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New Technology in Breast Cancer Testing Appears Promising

New Technology in Breast Cancer Testing Appears Promising

Medical researchers at the 23rd annual San Antonio Breast Cancer Symposium reported the results of a study showing that automated cell imaging adapted from Star Wars missile-shield technology aids physicians in selecting drug therapy for breast cancer patients.

Until recently, laboratories have relied on manual evaluation of tumor sections by viewing a glass slide under a microscope to determine the presence of the cancer-related protein HER2. Amounts of HER2 are elevated in approximately 30% of patients previously diagnosed with breast cancer.

"New cancer therapies that target specific proteins require very precise methods to determine which patients will benefit from these drugs," said Kenneth Bloom, md, the study’s principal investigator and director of laboratory operations at Rush Presbyterian-St. Luke’s Medical Center in Chicago. "The new automated imaging system used in this study helps to address these demands."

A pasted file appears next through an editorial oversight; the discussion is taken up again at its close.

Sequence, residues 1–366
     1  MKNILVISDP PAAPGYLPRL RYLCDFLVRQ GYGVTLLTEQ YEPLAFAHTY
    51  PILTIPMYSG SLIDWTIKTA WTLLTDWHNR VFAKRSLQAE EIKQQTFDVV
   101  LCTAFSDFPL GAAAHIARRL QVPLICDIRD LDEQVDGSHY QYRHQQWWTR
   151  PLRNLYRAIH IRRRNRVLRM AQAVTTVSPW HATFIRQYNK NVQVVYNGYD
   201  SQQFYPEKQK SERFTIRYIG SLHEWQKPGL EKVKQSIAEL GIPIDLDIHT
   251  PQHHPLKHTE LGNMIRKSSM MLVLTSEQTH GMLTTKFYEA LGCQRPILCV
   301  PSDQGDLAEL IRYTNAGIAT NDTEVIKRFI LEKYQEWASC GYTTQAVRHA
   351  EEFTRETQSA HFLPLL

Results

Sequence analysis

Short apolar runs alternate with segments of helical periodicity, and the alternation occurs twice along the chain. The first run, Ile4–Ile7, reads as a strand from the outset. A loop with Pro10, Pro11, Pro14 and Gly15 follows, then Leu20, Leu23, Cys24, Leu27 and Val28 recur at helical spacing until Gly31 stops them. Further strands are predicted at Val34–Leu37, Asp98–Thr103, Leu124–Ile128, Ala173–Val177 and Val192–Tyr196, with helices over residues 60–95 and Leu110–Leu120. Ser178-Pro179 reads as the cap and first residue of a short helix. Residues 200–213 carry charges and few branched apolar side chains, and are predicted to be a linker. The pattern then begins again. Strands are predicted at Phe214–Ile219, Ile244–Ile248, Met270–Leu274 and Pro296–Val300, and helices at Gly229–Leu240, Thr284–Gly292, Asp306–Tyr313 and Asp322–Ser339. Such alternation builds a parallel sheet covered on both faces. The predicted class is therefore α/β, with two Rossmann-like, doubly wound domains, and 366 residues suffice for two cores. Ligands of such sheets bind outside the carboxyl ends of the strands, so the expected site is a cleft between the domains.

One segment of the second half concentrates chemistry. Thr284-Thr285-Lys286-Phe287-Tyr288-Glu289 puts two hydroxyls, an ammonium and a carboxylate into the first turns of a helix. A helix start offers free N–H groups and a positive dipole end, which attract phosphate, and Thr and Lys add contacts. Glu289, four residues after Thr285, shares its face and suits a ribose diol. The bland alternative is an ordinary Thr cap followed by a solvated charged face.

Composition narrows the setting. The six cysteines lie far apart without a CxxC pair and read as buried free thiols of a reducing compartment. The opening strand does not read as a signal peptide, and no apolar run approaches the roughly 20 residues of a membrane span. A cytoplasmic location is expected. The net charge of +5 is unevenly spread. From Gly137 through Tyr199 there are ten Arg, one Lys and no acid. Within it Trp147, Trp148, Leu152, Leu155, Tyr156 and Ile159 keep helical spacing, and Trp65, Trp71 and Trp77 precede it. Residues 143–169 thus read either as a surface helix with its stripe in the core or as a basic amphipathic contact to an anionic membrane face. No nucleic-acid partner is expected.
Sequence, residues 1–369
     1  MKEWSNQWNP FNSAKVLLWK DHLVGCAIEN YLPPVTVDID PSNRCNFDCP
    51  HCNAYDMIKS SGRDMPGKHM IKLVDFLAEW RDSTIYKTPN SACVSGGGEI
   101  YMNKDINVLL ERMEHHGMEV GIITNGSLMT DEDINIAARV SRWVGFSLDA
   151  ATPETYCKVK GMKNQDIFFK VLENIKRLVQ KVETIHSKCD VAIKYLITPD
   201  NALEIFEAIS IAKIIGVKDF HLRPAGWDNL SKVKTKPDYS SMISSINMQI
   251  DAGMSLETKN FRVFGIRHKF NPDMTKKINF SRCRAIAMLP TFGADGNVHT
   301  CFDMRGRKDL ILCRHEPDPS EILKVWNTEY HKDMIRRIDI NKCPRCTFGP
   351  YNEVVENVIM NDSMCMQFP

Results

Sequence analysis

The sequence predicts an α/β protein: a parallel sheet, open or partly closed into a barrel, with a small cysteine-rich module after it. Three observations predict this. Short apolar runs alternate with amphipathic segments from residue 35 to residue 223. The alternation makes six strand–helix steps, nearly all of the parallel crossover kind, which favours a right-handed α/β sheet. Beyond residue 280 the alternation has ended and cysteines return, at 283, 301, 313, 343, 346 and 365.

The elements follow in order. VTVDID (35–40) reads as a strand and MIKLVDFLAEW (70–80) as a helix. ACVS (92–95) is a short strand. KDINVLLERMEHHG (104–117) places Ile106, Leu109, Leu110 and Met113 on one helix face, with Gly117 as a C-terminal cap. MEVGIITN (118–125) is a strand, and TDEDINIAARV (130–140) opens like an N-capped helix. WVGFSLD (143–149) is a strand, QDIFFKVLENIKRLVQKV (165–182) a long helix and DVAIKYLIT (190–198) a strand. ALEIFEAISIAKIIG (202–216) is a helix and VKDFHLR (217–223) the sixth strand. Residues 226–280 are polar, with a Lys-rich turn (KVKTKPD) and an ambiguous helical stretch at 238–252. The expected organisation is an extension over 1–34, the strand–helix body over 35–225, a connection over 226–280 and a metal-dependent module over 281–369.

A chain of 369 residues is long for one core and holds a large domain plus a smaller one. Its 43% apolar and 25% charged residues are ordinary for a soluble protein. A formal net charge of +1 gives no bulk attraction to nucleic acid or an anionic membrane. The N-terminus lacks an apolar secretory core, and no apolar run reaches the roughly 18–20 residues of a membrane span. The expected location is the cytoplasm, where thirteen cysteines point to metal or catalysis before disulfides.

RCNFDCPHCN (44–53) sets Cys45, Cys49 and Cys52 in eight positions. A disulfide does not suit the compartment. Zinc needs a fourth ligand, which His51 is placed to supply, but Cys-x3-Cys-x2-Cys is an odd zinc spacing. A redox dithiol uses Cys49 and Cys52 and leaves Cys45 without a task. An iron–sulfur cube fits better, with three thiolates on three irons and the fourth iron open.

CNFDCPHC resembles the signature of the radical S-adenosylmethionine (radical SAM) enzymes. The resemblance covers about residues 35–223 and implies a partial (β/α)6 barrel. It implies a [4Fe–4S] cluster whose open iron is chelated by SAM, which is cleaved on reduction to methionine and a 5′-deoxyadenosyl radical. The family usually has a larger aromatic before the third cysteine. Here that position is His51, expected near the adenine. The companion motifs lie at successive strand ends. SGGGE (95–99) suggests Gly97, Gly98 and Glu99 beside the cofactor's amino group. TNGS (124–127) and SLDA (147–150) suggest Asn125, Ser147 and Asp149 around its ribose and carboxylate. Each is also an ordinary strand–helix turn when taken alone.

The study assessed the reliability of different immunohistochemistry techniques to qualify patients for treatment with trastuzumab (Herceptin), which targets HER2 overexpression.

Automated Cell Imaging

In the study, 10 pathologists calculated the more than 1,250 staining intensity scores of 130 breast cancer patient samples using the standard manual technique and a technique involving an automated cell-imaging system, or ACIS (a recently introduced technology developed by ChromaVision Medical Systems Inc). The pathologists represented a broad range of experience in evaluating HER2 expression.

A comparison of results showed that pathologists improved their accuracy from a range of 42% to 92% with manual immunohistochemistry, to 91% to 95% using ACIS-assisted cell-imaging technology. Moreover, their scoring reproducibility increased from 72% with manual immunohistochemistry to 95% when assisted by ACIS.

Military Origins

The concept behind the ACIS technology was developed by the military to detect the potential deployment of nuclear missiles. "At the heart of the technology is color-transformation software that allows one to differentiate active warheads from thousands of decoys," said Douglas Harrington, md, ChromaVision’s CEO and chairman. "We acquired the patent rights to this technology and adapted it to detect, count, and classify cells of clinical interest based on color, size, and shape. I find it poetic that now this technology is being applied to health care rather than war."

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